The Candidates for Seminole County Clerk of Courts and Comptroller were in Altamonte Springs on Saturday afternoon for the monthly meeting of the Republican Women’s Club of Seminole Federated to make their case to the room full of members why they should be the one to take over for an incumbent who is retiring after over 25 years in office.
Former Seminole County Commissioners Grant Maloy, Mike McLean, and Seminole County Sheriff’s Captain Sammy Gibson all took part in the anticipated forum, that was moderated by News 13 Political Analyst Michelle Ertel and the tone throughout the discussion was polite with the candidates agreeing on the same philosophies involved in running the office.
Candidate were asked to same something positive about their opponents to lead off the forum. All three candidates praised their opponent’s commitment to raising their families and previous work in the community to make Seminole county a better place to live.
Each of the candidates were asked what they believed was the best use of the current budget. Gibson believed in challenging the status quote by upgrading technology in the office. McLean also believed the office need a technology upgrade but also encouraged seeking more opportunities to bring in more income. Maloy was critical of recent state-wide budget cuts and calling the current funding model that redistributes revenues among different offices socialism.
The recent controversy of Kentucky Clerk of Courts Kim Davis and her refusal to issue a same-sex marriage licenses was discussed, with each candidate asked what they believed was the office’s role on the matter. All three believed they were required to respect the law and behave accordingly.
When asked what makes them uniquely qualified to be the next clerk, McLean outlined the three major duties with the position and how they lined up with the responsibilities with his current business. Gibson cited his decades of experience working with the law enforcement budget and establishing steering committees for big decisions. Maloy believed in retaining quality talent and delegating duties appropriately.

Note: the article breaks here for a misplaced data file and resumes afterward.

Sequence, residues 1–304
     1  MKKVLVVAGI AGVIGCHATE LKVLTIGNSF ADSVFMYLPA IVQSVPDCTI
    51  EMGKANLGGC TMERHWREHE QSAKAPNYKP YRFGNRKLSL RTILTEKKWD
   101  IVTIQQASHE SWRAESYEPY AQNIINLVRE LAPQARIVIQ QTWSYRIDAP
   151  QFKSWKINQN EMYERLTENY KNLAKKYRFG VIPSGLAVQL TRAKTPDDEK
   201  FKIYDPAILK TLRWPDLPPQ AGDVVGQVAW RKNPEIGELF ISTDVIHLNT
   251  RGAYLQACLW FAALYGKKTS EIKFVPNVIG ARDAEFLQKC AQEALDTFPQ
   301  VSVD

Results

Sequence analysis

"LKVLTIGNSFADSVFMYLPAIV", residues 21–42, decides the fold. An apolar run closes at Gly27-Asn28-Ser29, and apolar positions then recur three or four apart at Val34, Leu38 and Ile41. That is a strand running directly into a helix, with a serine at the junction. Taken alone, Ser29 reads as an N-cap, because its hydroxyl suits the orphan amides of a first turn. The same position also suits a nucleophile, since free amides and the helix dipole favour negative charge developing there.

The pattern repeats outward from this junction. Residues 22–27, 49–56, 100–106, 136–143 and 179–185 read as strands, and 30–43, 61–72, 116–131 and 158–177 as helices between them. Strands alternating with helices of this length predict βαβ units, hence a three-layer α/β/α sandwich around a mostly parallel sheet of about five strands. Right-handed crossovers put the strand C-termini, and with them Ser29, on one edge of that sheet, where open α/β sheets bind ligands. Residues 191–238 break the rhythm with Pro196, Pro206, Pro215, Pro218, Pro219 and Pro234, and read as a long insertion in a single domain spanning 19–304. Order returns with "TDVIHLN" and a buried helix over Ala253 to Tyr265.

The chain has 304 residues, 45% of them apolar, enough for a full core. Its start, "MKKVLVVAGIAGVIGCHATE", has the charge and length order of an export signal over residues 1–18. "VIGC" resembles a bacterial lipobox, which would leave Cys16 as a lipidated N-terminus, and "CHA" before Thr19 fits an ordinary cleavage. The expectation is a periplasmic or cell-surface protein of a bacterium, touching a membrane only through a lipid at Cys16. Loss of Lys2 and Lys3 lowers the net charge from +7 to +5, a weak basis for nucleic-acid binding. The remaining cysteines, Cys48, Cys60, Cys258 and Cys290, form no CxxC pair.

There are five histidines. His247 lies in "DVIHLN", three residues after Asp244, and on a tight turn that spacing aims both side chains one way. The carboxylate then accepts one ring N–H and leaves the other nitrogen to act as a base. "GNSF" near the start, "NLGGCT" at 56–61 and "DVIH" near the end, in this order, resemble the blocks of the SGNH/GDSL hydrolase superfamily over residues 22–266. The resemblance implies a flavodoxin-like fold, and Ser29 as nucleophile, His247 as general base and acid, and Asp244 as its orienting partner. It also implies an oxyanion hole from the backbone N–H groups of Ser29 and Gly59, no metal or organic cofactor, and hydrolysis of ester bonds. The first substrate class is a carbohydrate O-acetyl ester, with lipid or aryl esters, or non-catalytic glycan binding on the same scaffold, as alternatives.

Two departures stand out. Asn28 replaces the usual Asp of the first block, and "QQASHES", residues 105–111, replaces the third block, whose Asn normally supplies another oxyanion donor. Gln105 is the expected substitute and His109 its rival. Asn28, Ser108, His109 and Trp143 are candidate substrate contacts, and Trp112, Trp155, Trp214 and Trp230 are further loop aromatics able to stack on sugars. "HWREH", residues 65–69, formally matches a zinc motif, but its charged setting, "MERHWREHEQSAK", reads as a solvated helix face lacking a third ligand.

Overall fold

Maloy continued saying his visits to Clerk’s offices around the state were some of the steps he was taking to prepare him for the job. McLean believed he had an understanding of the needs of the “end user” that would allow him to be effective. Gibson cited his law enforcement career working under Seminole County Sheriff Don Eslinger, who was on hand for the debate, as the mentor-ship that has prepared him to lead.
All three candidates, who are currently working in different fields, pledged to be a full time Clerk and Comptroller. When asked what was the most important duty of the office, Gibson and Maloy believed all duties were equally important, while McLean focused on the auditing function of the county’s $850 million dollar budget as especially important.
Beforehand sources familiar with the race believed the candidates might have used the forum as an opportunity to take the contest in a negative direction. The only audible jab taken during the discussion was Maloy referring to his grassroots campaign in contrast to Gibson’s budget, which allowed him to regularly afford a consultant.
Despite the solidarity on display between the three candidates at the forum, the contest to replace long-time Clerk Maryane Morse, is expected to be the most competitive municipal level race in Seminole County this year.